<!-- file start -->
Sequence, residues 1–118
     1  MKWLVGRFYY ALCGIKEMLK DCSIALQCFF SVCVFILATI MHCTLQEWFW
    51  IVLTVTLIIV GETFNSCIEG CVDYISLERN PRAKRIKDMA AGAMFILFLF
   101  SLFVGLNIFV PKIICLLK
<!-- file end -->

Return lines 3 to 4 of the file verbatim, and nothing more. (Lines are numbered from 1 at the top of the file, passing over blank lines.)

    51  IVLTVTLIIV GETFNSCIEG CVDYISLERN PRAKRIKDMA AGAMFILFLF
   101  SLFVGLNIFV PKIICLLK